Composting Made Easy!

December 15, 2019

Compost is easy to make. Essential composting ingredients include organic matter, water, air and nitrogen. Research indicates that soil or compost starters aren’t essential to successful composting, because organic matter naturally contains the necessary decomposing bacteria.

Oxygen and water are critical elements in the composting process. To speed decomposition, moisten materials as you place them in the compost bin. Keep compost moist, but not waterlogged.

Oxygen penetration is key to decomposition. Infiltration rates are a factor of particle size and bin size. For fine materials, a three foot by three foot by three foot bin works well. For coarser materials, like fall leaves, a bin five to six feet square allows rapid heating and faster processing.

Don’t finely chop or pack compost materials, because it restricts oxygen infiltration. If your compost smells obnoxious, it means the materials are packed too tight. To fix the problem, mix in coarser materials to allow better oxygen penetration.

Active compost reaches temperatures ranging from 70 to 130 degrees Fahrenheit in the center of the compost. Disease organisms die at 122 degrees Fahrenheit. Heating is essential, because it stimulates the bacterial process and helps keep the interior of the compost free from weed seed and plant-disease organisms. Some gardeners turn compost regularly to ensure that all materials are heat processed. Frequent turning speeds decomposition, but isn’t required to make compost.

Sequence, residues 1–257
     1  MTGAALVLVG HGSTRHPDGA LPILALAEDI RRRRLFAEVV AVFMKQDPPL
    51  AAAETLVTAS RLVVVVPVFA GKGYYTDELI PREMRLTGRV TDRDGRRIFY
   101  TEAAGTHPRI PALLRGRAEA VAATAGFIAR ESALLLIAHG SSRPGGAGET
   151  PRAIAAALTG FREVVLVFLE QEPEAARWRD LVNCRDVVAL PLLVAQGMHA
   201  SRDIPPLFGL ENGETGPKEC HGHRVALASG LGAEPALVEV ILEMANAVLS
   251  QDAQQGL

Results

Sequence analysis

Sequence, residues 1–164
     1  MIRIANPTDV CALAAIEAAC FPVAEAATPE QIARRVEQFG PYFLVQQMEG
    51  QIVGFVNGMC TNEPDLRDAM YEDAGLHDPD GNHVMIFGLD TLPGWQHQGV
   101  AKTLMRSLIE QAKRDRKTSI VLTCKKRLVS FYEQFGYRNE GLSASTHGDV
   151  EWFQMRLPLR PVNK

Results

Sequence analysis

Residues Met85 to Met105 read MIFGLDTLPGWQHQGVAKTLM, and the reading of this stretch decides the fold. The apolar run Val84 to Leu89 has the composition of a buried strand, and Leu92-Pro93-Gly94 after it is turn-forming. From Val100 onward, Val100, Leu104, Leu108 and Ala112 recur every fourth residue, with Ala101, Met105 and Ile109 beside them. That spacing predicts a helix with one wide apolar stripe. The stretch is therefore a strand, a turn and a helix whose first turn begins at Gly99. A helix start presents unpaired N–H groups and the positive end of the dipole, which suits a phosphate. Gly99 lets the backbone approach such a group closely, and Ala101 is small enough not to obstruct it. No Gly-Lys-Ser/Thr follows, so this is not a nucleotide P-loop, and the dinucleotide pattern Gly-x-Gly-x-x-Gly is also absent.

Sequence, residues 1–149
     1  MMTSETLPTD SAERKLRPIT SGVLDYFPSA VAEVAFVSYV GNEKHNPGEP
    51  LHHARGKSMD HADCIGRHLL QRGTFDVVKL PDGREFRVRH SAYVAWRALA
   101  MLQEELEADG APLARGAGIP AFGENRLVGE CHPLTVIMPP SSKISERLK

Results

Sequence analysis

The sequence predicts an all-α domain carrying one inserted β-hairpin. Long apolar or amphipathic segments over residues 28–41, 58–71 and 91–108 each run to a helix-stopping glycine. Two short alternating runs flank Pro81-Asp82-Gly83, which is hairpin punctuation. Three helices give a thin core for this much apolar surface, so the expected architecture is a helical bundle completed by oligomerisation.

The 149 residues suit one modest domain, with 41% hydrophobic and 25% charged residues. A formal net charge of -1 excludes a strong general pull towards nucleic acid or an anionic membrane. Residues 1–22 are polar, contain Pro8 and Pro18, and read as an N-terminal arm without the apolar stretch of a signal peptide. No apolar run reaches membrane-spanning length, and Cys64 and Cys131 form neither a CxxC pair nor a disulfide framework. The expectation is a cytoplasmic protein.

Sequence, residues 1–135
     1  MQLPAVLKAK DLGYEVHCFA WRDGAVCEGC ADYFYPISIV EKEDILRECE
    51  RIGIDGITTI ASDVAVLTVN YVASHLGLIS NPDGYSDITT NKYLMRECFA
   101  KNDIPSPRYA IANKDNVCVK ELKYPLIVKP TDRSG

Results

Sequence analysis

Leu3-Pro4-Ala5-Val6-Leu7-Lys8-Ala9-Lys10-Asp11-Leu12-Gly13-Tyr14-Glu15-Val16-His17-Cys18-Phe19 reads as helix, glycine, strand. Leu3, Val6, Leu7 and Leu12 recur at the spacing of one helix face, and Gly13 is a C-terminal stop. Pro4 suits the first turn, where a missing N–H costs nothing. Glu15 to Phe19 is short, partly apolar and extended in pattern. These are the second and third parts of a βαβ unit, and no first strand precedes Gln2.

In Colorado, it’s best not to turn compost after December. Turning allows valuable heat to escape, and may stop processing in cold weather. To restart active processing, turn and mix in fresh materials with the winter compost.

Processing occurs faster when materials are mixed together, rather than layered in the bin.

Compost is ready to use when it has shrunk to one-half its original volume, has lost the identity of the original material, and has a pleasant earthy smell.

What are Microclimates?

November 14, 2019

The successful mountain gardener learns to exploit or create microclimates. For example, gardens placed in full sun (southern exposures) will have a longer, warmer growing season than other exposures. These warm or hot microclimates are the places to experiment with plants that need more heat during the growing season to come into flower before frost. If the site is protected in the winter, this is also a place to experiment with less hardy plants. 

Another good site for more tender plants is in front of rock formations or walls (natural or created) where the thermal mass can raise winter temperatures. Because plant growth is slowed by cool mountain soil temperatures, creating a perennial bed that slopes towards the south or using raised beds will cause plants to grow faster and emerge earlier in the spring due to the increased soil temperature. These plants may be vulnerable to late spring frosts. 

Gardens on south-facing slopes are warmer and drier than gardens on north facing slopes of the same valley at the same elevation. Some mountain areas have a reliable blanket of snow over much of the winter. This acts as insulation and may allow less hardy plants (zone 5 or 6) to overwinter. Snow blankets can be encouraged in specific locations by putting up a snow fence; this will cause snow build up on the lee (downwind) side of the fence. This same snow blanket, however, may cause some xeric plants to rot out during the winter, even if they are cold hardy.